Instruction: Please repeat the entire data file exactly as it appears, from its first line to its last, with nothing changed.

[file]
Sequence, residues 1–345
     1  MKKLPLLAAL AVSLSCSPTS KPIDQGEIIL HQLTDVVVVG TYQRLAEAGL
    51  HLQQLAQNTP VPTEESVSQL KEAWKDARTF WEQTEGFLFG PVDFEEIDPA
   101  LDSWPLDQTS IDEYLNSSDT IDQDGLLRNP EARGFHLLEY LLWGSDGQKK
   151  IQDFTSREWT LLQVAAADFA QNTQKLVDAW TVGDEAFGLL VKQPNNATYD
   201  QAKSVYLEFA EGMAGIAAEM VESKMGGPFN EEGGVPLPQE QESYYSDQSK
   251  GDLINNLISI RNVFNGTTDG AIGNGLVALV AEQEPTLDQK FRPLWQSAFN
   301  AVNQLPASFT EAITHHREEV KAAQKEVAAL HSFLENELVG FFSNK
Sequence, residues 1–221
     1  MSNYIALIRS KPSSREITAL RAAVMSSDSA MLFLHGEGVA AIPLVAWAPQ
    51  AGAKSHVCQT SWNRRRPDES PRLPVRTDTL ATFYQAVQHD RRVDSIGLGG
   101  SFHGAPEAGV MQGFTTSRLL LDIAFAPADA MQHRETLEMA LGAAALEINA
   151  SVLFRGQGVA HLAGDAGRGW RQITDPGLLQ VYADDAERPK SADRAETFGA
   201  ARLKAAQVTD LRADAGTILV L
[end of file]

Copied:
Sequence, residues 1–345
     1  MKKLPLLAAL AVSLSCSPTS KPIDQGEIIL HQLTDVVVVG TYQRLAEAGL
    51  HLQQLAQNTP VPTEESVSQL KEAWKDARTF WEQTEGFLFG PVDFEEIDPA
   101  LDSWPLDQTS IDEYLNSSDT IDQDGLLRNP EARGFHLLEY LLWGSDGQKK
   151  IQDFTSREWT LLQVAAADFA QNTQKLVDAW TVGDEAFGLL VKQPNNATYD
   201  QAKSVYLEFA EGMAGIAAEM VESKMGGPFN EEGGVPLPQE QESYYSDQSK
   251  GDLINNLISI RNVFNGTTDG AIGNGLVALV AEQEPTLDQK FRPLWQSAFN
   301  AVNQLPASFT EAITHHREEV KAAQKEVAAL HSFLENELVG FFSNK
Sequence, residues 1–221
     1  MSNYIALIRS KPSSREITAL RAAVMSSDSA MLFLHGEGVA AIPLVAWAPQ
    51  AGAKSHVCQT SWNRRRPDES PRLPVRTDTL ATFYQAVQHD RRVDSIGLGG
   101  SFHGAPEAGV MQGFTTSRLL LDIAFAPADA MQHRETLEMA LGAAALEINA
   151  SVLFRGQGVA HLAGDAGRGW RQITDPGLLQ VYADDAERPK SADRAETFGA
   201  ARLKAAQVTD LRADAGTILV L